As I have documented elsewhere, African women judges have, to date, accounted for the largest number of women judges from one geographic region to serve on the ICC. The fact that African women hold this record is indicative of the fact that women judges have the right qualifications to fill vacancies on courts at the regional and continental levels—thus the limited pool argument does not hold much sway. The patterns and history behind the growing number of African women judges in international courts, is discussed in the forthcoming volume, “African Women Judges on International Courts: Untold Stories”, (Dawuni, Josephine, Kuenyehia, Akua and Swigart, Leigh, Routledge, 2017). As IntLawGrrl Nienke Grossman has suggested, the use of temporary mandatory quotas may be one strategy to increase the number of women on international courts. While temporary quotas may be a good way to expand access for qualified women judges, I do not ascribe to that strategy. As we have seen in the recent elections to the ACtHPR, enforcement of existing provisions for gender parity such as the application of measures to hold States to their obligations may be one strategy to achieve gender parity. It becomes the duty of States Parties to nominate the strongest female candidates, nonetheless, women judges will also have to be intentional about gaining access to nomination processes and gatekeepers. Preliminary evidence on the record of women’s success at the domestic level in most jurisdictions across the continent as discussed in Gender and the Judiciary in Africa: From obscurity to parity? strongly indicates that there is a big enough pool of qualified women from which to draw women nominees for international courts. We may also be missing some important factors when we focus only on the numbers. We should ask a couple of questions: first, whether female candidates know about these courts and, second, whether they are interested in positions on these courts? This is where the role of networking and awareness raising becomes crucial in programs such as open dialogues hosted by the Institute for African Women in Law, where former judges Justice Akua Kuenyehia and Justice Sophia Akuffo discussed their experiences on international courts.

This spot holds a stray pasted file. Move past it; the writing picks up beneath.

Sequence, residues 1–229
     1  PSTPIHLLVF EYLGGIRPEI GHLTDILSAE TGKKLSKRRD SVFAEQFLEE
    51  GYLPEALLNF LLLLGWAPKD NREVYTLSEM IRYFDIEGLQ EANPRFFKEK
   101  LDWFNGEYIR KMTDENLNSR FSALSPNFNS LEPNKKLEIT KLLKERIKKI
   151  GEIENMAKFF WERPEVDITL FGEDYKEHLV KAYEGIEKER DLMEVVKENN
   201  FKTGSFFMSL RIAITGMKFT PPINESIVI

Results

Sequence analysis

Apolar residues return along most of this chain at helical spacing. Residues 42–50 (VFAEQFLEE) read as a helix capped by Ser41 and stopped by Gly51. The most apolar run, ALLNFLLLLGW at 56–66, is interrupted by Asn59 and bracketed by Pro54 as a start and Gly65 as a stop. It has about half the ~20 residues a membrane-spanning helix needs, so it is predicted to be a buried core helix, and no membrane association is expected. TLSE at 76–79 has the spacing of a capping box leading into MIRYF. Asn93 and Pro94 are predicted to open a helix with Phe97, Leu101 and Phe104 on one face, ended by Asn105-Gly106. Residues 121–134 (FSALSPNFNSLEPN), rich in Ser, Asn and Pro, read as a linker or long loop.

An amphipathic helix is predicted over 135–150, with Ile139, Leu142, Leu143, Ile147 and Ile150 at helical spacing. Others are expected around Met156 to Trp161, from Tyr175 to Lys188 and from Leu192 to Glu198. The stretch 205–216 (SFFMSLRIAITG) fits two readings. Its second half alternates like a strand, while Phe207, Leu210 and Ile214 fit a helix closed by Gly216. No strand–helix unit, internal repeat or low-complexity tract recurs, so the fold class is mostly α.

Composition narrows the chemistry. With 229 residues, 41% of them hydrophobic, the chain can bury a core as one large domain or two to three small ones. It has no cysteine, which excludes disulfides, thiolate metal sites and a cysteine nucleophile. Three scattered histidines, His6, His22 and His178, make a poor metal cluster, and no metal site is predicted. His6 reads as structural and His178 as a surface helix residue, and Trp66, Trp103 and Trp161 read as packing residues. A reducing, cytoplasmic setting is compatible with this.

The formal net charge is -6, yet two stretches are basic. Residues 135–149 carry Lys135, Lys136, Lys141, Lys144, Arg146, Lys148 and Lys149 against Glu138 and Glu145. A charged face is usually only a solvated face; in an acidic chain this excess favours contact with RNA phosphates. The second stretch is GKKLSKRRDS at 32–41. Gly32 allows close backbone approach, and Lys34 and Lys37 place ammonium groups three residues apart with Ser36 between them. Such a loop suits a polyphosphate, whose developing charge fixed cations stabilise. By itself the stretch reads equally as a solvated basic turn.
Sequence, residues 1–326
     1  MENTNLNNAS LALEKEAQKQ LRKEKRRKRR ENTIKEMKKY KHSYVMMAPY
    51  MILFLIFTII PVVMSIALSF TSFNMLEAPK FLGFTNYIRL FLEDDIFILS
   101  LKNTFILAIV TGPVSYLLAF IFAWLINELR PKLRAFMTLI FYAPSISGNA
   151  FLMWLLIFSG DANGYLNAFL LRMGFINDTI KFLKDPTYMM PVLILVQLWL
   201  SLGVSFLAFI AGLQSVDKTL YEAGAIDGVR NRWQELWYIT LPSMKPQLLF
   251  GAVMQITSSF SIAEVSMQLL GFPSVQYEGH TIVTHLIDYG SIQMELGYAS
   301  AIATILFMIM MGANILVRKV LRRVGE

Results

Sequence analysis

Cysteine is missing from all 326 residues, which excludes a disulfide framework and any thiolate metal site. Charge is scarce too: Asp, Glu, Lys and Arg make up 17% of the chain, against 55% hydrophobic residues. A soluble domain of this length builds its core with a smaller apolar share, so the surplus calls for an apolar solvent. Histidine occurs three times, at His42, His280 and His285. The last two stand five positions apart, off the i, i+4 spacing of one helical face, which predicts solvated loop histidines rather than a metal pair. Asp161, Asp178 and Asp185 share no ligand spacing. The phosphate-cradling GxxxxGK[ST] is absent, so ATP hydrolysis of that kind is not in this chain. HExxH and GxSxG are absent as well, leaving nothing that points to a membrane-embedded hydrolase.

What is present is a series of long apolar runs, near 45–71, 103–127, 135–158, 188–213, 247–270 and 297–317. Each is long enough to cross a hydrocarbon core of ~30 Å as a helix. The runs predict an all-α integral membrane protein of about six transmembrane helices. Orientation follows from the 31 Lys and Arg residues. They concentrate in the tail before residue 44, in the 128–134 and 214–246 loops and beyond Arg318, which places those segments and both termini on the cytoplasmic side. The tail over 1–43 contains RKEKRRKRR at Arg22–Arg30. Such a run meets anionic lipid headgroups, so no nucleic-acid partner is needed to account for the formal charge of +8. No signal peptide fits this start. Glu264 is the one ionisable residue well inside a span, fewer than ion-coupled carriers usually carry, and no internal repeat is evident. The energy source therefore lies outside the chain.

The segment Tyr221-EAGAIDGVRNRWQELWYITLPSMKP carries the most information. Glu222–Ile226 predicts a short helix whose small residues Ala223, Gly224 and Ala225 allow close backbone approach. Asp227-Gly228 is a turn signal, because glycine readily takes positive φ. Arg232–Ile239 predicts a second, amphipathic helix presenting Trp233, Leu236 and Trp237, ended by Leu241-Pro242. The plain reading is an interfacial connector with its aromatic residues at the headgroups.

As Dawuni and Kang have observed, African women judges have risen to the upper echelons of judiciaries across Africa. At the international level, we have seen the record set at the ICC, with African women accounting for 33% of the total number of women (15 to be precise) to serve on the ICC bench. The Economic Community of West African States (ECOWAS) Court of Justice comes has had 40%, the East African Court of Justice comes in at 25% and the African Court of Human and Peoples’ Rights has just moved from hovering around 18% to 34% as currently constituted. African women judges have also made their mark on ad hoc tribunals such as the ICTY, ICTR and SCSL. As the highest-ranking continental court, the ACtHPR has proven once again that where institutional mechanisms are enforced and opportunity structures are opened, African women will always rise to the occasion. This is just the beginning and it is the hope that the sub-regional courts such as the ECOWAS Court of Justice and the East African Court of Justice will learn from these new developments. Now is the time to start working towards future elections at the sub-regional levels. Now is the time for Heads of States, civil society organizations and other agencies to nominate women for future elections on the ICC and other international courts and tribunals. Now is the time to sign the pledge on the Gqual Movement!
Originally posted at International Law Grrrls